Intervention Group

The intervention was delivered during the 2000–01 school year. READ 180® included daily whole-group, small-group, and individual instruction. Literacy instruction was delivered in 90-minute blocks. During the first 10 minutes of the block, students met together with the teacher to receive language arts instruction. The class then broke into three smaller groups that proceeded through 20-minute rotations of small-group instruction (the teacher sat with 5–6 students doing group reading and/or language arts instruction), independent reading (students read leveled paperbacks with the option of adding audio through headphones as modeled reading), and direct instruction (through nine topic-focused CD-ROMs). In using the CD-ROMs, students were presented with a reading passage based on a video that was tailored to the student’s ability level as determined by an electronic placement test administered at the beginning of the program. After the video and the reading passage, students worked through three “zones” on each CD: the word zone (instruction for developing basic decoding skills), the spelling zone (instruction on spelling patterns and sounds), and the success zone (individual assessment for comprehension, word recognition, and fluency skills). There was some variation across sites in how READ 180® was implemented. For example, in one school in Boston, teachers set aside 45 of the 90 minutes twice a week to focus on writing skills.

Comparison Group

The comparison condition varied both within and across districts (and in some cases, within schools). For example, the authors report that the Houston Independent School District conducted an audit of their middle school reading curricula and identified 50 to 60 different programs being implemented across the district. In Columbus, the district offered a “Safety Net” program for students who performed at low levels on tests of reading proficiency; schools with a significant number of low-performing students could choose to implement one of a variety of literacy interventions.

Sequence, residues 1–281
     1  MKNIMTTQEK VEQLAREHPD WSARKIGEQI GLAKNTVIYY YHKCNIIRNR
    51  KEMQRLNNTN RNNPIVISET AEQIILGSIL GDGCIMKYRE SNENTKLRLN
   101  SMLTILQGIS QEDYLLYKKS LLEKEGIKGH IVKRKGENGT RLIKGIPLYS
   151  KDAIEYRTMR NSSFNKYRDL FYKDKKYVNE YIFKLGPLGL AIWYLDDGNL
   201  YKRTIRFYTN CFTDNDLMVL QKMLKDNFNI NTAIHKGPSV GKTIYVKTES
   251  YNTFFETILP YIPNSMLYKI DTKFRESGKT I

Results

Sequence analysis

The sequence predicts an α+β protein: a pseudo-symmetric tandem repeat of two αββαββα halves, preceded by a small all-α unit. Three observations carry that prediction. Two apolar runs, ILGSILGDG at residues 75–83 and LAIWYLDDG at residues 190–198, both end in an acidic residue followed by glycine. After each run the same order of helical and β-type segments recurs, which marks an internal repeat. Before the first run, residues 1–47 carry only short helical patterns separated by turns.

Support for implementation

While district staff from the seven participating districts selected the schools that would participate in the study, the school staff were responsible for the implementation of READ 180®. Teachers from each site generally reported receiving “good” support from school administrators, though this support declined in some cases over the course of the school year. In the four districts in which READ 180® was considered to be well implemented (Boston, Dallas, Houston, and Columbus), a district administrator was assigned to be the READ 180® liaison and oversaw implementation of the program. Teachers in the intervention group were trained in the summer or early fall prior to initial implementation of the program. Although districts could initiate follow-up training, the authors note that teachers were mostly on their own. In responding to a teacher survey, approximately two-thirds of teachers reported that the professional development provided for READ 180® was not sufficient.

Reviewed: July 2010

Study sample characteristics were not reported.